difficulties of interpretation - our syntax now cannot help us
determine whether it is Smith or Jones who is the smith. But presumably
in that respect we are being true to the source!

A more realistic situation would be that names, trades and relationships
are found promiscuously intertwined in any order within  any amount of
other text. SGML offers two ways of dealing with this. One is simply to
add #PCDATA as a fourth alternate to the example above, to give a
declaration like this:

           <!ELEMENT entry - - (name|trade|relation|#PCDATA)>

This solution is that generally preferred in the TEI Guidelines,
for the general case, where elements consist of small identifiable
elements (names, trades etc.) swimming about in an arbitrary mixture or
"primal soup". Note that with this content model it is no longer possible
to leave out end-tags.  Another approach achieving a similar effect is to
use what is known as an "inclusion exception", as in this example:

         <!ELEMENT entry - - (#PCDATA) +(name|trade|relation)>

Either of the above definitions states that items tagged as names, trades
or relations may appear anywhere within an entry, an arbitrary number of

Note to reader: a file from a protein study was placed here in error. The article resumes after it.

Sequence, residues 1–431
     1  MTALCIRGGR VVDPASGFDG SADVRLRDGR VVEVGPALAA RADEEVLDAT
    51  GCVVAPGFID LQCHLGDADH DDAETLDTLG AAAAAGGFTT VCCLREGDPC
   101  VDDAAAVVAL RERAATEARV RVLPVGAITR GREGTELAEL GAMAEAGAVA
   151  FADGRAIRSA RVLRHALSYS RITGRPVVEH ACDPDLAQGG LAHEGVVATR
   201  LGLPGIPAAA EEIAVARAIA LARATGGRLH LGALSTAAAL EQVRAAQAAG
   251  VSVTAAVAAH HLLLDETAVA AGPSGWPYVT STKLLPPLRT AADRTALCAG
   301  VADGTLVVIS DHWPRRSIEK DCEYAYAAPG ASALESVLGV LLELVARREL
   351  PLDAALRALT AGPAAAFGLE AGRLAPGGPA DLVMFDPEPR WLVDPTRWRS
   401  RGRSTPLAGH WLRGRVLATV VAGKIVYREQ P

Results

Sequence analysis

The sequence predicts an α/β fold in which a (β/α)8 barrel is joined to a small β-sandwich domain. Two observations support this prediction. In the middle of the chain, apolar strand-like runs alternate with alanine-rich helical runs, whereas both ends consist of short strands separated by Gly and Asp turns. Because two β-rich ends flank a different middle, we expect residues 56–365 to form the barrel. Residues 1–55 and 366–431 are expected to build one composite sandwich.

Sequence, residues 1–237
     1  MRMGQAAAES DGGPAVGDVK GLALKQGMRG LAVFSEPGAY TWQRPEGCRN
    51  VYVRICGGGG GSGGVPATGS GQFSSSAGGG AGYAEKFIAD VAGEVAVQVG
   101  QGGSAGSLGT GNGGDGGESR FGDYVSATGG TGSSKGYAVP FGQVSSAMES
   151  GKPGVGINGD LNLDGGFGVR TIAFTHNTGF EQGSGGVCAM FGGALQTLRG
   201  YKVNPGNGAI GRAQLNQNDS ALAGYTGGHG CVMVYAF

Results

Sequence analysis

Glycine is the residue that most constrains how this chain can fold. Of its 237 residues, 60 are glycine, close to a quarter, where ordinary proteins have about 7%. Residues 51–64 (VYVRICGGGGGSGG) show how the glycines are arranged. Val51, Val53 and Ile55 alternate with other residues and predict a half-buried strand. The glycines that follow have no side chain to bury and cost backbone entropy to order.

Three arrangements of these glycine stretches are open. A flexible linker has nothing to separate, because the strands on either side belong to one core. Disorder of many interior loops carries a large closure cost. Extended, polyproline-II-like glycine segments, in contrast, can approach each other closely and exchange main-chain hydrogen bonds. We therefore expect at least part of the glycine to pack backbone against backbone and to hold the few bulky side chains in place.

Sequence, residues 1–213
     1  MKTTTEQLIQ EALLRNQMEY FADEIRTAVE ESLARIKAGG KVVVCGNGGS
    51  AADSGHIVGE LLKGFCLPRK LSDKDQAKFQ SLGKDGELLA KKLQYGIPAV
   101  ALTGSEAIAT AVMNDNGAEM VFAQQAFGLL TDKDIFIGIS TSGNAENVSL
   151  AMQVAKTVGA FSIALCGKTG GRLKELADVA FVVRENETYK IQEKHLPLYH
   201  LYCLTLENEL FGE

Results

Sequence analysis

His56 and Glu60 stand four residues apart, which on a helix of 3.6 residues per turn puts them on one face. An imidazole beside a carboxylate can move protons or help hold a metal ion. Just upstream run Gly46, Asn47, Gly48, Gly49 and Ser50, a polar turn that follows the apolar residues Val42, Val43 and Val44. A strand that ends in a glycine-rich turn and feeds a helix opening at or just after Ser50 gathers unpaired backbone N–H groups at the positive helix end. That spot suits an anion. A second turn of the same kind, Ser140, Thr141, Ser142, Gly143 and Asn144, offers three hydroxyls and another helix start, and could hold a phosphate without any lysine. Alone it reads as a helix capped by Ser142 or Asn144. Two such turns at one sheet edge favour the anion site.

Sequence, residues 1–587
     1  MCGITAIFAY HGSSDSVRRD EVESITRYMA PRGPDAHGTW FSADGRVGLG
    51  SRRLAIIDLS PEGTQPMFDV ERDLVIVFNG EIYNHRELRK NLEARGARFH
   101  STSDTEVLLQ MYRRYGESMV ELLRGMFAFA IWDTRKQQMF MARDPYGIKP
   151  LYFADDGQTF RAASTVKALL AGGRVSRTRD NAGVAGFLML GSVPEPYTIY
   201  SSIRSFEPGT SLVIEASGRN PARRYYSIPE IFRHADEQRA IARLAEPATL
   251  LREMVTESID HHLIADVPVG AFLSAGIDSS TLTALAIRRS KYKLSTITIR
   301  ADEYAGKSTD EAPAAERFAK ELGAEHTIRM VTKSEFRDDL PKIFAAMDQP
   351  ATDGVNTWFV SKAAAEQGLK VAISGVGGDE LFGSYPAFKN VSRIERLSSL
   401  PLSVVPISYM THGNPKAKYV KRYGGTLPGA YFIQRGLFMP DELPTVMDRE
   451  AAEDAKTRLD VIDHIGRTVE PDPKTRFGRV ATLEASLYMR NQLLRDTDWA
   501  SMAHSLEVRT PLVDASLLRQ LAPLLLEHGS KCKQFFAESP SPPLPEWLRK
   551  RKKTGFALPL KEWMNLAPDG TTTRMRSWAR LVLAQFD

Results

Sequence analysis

times, interspersed with arbitrary sequences of character data. The
following example would be regarded as legal according to both the above

    <entry>Also<name>John Smith</name>
    <entry><name>John Smith</ name>
           and<name>Adam Smith</name>
           <relation>his brother</relation>
   <entry><relation>Cousin of the<trade>blacksmith</trade>
          <name>Tom Cobbley</name> and all

The difference between the two element declarations is that the second
allows names, trades, or relations to appear arbitrarily not only within
entries, but also within anything that entries contain. Unless further
modified, this definition allows (for example) names to occur within
trades (or vice versa), or even within other names. Entries such as the
following would be legal by the second definition, but not the first:

    <entry> <name>John <trade>Smith</trade> Jones</name>
    <entry> <relation>Brother of

Of course, entries such as the following would also be acceptable by
either definition:

    <entry>Any old string of characters you care to type in

To complete the content models for our simple register example, we need
to define the sub-components of an entry.  For the sake of argument, we
will assume that <name>, <trade> and <relation> are to contain only text,
with no further embedded elements.  Since they all share the same